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The elite cartel system

Political leaders should lower themselves and use familiar language when approaching the public.
Feb 13,2017
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A protester holds a picket sign in Busan calling for President Park Geun-hye to step down and for her collaborators in the unprecedented abuse of power scandal to be punished. [SONG BONG-GEUN]
It was in the 1990s that stories about city buses drastically decreased on newspaper and television news. As more and more reporters owned cars and drove, the bus was pushed out of the media attention. When it comes to public transportation, we’ve heard how Hillary Clinton didn’t know how to swipe a MetroCard as she rode the New York City subway last year. Former UN Secretary General Ban Ki-moon rushed to gain popularity as soon as he returned to Korea, but he only exposed how unfamiliar he was to the daily lives of average citizens and dropped out of the race early on.

It is the duty of politicians to use public transportation to familiarize themselves and understand how ordinary citizens live every day. But we are appalled by some politicians visiting markets, senior centers and slums, pretending to care about people’s lives every five years in the election seasons. Will they come back after the election?

It is not just the political elites who claim to be average citizens but fail to win the hearts of ordinary people. Elites in law, business, academia and public service often lose trust because of the discrepancy between what they say and what they do. While it was the Choi Soon-sil scandal that started the massive candlelight protests, the targets are expanding. People are increasingly driven by passion to reform the “collaborators” who let the absurd corruption happen and what American professor Michael Johnston calls a chain of corruption and extensive elite cartel system.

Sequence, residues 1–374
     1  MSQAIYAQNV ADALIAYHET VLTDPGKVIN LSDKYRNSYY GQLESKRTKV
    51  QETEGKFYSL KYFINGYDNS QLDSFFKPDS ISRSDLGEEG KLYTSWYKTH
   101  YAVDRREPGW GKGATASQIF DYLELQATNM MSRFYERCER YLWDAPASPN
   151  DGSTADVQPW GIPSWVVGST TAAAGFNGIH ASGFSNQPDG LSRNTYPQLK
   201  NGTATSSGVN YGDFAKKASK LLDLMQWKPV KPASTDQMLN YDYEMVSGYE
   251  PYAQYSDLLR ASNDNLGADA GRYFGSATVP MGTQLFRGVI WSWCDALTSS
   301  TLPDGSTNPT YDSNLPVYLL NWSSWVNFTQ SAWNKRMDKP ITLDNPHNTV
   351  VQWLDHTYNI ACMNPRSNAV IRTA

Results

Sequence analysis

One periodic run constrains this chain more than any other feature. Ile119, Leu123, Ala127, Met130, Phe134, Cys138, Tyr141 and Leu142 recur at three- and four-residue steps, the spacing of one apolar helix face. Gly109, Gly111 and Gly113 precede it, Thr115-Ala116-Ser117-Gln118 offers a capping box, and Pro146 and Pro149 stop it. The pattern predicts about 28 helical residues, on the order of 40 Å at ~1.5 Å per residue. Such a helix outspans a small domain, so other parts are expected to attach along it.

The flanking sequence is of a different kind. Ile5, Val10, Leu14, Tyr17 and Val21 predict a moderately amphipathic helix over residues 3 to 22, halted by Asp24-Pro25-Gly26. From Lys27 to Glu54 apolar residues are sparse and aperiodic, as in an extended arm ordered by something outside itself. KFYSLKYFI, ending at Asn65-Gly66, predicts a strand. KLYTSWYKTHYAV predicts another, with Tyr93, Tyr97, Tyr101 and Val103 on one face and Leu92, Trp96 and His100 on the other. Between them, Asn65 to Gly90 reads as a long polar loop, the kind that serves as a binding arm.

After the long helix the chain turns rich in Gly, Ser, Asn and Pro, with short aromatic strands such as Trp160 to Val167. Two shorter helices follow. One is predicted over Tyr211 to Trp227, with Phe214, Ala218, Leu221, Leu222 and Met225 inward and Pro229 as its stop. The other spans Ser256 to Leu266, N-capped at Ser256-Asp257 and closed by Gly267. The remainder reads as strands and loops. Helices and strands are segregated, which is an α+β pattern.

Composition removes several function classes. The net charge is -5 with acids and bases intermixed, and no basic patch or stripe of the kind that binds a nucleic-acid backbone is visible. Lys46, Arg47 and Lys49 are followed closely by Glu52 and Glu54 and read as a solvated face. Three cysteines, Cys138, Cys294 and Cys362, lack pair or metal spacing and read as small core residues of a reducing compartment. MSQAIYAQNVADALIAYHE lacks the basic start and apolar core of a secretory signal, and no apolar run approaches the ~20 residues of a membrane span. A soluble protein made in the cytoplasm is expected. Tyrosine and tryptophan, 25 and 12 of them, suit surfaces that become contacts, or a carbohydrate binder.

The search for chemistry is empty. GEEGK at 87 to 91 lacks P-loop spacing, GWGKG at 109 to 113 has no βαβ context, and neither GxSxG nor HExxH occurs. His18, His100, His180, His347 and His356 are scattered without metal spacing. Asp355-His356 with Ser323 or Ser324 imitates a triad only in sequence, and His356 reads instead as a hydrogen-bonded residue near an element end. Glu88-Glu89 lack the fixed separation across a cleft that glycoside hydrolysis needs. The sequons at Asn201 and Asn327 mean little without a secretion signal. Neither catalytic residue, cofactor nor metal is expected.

The crowds in Gwanghwamun Square, central Seoul, ask, “Is this really a nation?” People are furious at the collective egocentrism of the elites who are not willing to give up their warm, comfortable spots. The bureaucrats, financial officials, prosecutors and military are often described as the “mafia.”

These elites are so accustomed to a “league of their own” that their sense of communication and interpretation of the public sentiment have considerably weakened. The opinion leaders in the United States and the United Kingdom fail to predict the election of Donald J. Trump and passing of the Brexit, two incidents that change the flow of American and European history. An extraordinary negotiator and gambler, Trump is betting on this weakness of the elite. While a series of “shock and awe” policies garnered fierce criticism, he does not blink. He counts on the working-class white people who are tired of the establishment. Rather than investigative reports by elites at the New York Times and CNN, they trust the simple 140-word tweets from Trump.

Aspiring presidential candidates can learn from Trump’s communication and persuasion skills. While Trump’s words are rough, they are easy to understand. Political leaders should lower themselves and use familiar language when approaching the public. The teachings of Buddha were so easy that even uneducated people could understand them.

A recently published book — “Icon of Miscommunication: Seoul National University Students’ Communication” — highlights differences between the elite and average people. A 22-year-old sociology student Cho Hyun, meets a high school gang member to conduct research for a project for a media class. “I wondered how his background and mindset is different from mine, as I’ve never had a chance, or intention, to meet someone like him.”

The 2016 Social Integration Report by the Korea Institute of Public Administration surveyed 8,000 adult men and women around the country, and only 56 percent, said they had hopes that their children will climb up the social ladder.

The rate has been rapidly decreasing for three consecutive years. In order to save the nation from being divided because of the elites, we cannot allow social immobility to prevail.

JoongAng Ilbo, Feb. 11, Page 26



*The author is an editorial writer of the JoongAng Ilbo.


Hong Seung-il